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and shell functions. Your PATH statement just modifies this value:
means: set the variable PATH ("PATH=") to what it contains now ("$PATH"), plus a colon (":") and a fixed string ("/usr/bin/gatk-188.8.131.52").
Again, you can do that on the command line (like you did), but this will be lost when you log out. The file ~/.bashrc now contains such collected command line settings and it is executed every time you log in. That means, to make the change last you will have to modify this file, like you did:
That simply adds (">>") the string export PATH=$PATH:"/usr/bin/gatk-184.108.40.206" to the end of the file ~/.bashrc - well, not quite, actually. Notice, though, that the content of "$PATH" will replace the string "$PATH" when you execute that and if, for instance, your PATH contained before the string:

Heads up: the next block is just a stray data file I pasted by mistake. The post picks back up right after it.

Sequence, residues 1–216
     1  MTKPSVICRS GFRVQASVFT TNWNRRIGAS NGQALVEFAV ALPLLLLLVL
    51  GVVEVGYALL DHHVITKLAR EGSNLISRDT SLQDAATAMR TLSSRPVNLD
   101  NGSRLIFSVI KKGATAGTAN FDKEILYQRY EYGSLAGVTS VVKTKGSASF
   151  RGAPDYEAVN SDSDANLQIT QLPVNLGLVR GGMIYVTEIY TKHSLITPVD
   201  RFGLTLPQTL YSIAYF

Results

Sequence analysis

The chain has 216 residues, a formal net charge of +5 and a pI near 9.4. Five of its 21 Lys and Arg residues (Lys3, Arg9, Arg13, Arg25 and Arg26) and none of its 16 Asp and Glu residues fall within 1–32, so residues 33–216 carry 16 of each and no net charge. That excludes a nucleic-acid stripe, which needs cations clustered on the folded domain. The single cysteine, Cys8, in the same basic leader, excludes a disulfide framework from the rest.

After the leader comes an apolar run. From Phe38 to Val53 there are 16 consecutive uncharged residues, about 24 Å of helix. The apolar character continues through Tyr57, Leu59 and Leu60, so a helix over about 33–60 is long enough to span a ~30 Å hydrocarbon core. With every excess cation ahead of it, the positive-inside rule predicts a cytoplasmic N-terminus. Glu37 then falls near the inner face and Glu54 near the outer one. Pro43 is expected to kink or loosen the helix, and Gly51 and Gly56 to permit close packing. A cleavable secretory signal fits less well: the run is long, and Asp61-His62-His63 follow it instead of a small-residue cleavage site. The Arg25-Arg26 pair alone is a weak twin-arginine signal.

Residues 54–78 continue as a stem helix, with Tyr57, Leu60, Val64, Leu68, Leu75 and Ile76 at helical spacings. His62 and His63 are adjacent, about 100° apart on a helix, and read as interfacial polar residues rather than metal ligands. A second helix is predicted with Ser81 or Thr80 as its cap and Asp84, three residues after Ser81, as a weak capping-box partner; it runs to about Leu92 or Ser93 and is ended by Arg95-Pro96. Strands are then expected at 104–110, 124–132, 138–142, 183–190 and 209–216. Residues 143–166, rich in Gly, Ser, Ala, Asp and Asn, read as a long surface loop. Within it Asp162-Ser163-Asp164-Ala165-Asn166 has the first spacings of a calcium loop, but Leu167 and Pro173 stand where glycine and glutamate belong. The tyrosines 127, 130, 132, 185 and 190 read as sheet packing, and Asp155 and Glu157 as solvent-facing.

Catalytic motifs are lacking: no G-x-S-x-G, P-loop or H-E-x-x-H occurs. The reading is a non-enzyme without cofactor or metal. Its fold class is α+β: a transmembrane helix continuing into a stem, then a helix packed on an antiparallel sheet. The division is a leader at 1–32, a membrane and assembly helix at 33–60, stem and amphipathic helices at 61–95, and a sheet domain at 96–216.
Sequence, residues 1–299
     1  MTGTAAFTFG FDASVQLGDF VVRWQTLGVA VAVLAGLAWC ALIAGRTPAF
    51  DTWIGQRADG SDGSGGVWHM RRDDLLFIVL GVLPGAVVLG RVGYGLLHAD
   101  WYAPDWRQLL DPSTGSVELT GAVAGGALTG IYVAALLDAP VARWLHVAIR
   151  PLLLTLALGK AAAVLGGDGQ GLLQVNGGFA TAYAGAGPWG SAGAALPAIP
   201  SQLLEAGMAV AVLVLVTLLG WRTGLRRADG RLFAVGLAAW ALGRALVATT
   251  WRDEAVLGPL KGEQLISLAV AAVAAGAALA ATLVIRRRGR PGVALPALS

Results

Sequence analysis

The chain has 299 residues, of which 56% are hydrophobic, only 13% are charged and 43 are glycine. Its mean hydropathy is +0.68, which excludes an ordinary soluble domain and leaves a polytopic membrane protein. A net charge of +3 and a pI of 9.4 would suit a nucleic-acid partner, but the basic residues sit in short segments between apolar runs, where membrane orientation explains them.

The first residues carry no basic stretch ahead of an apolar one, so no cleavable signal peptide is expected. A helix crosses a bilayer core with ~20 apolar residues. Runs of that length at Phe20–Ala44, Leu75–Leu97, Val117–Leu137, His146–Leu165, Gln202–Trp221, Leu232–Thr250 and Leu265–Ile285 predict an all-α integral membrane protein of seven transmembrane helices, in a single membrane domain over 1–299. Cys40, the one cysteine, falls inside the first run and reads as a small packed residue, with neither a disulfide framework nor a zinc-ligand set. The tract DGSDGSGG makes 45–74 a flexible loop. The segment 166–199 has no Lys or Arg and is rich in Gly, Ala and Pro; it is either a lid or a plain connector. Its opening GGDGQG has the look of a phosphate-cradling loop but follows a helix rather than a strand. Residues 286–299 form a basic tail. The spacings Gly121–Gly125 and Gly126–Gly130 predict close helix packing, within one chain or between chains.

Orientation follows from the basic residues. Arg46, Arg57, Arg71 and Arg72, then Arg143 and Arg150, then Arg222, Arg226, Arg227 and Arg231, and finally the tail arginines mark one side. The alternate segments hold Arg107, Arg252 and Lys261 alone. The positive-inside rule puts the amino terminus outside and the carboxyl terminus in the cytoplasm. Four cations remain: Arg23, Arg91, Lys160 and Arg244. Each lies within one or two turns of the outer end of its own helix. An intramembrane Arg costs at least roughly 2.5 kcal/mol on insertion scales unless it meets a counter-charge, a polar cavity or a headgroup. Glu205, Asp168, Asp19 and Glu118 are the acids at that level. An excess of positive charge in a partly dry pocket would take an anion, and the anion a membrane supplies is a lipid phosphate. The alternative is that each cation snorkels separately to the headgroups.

then what you wrote into the file ~/.bashrc will be NOT the line
but in fact:
and this may or may not (most probably may not) be what you wanted. Anyway, when you want to have this setting not only in your future sessions but also in the current one you indeed have to use source ~/.bashrc because at the time when the file was executed - your login - the change was not there.
Further, appending directories to the path naively has a problem: you don't want the directories to be there several times. Take yours, for example, the existing path is just to show the effect, your will probably be different:
You probably want to avoid that. This is why i set the PATH in my rc-scripts this way:
It is easy to add or remove a line with a single directory this way and it is easy to grasp immediately what is what. For not-so-obvious settings i use comments to remind me what it was for (so i can also easily find out if it can be removed again). Also notice that a variable is either exported or not. If it is there is no need to export it again, just because its value has changed.
You first try:
but when I do a sudo nano ~/.bashrc
I hope this helps.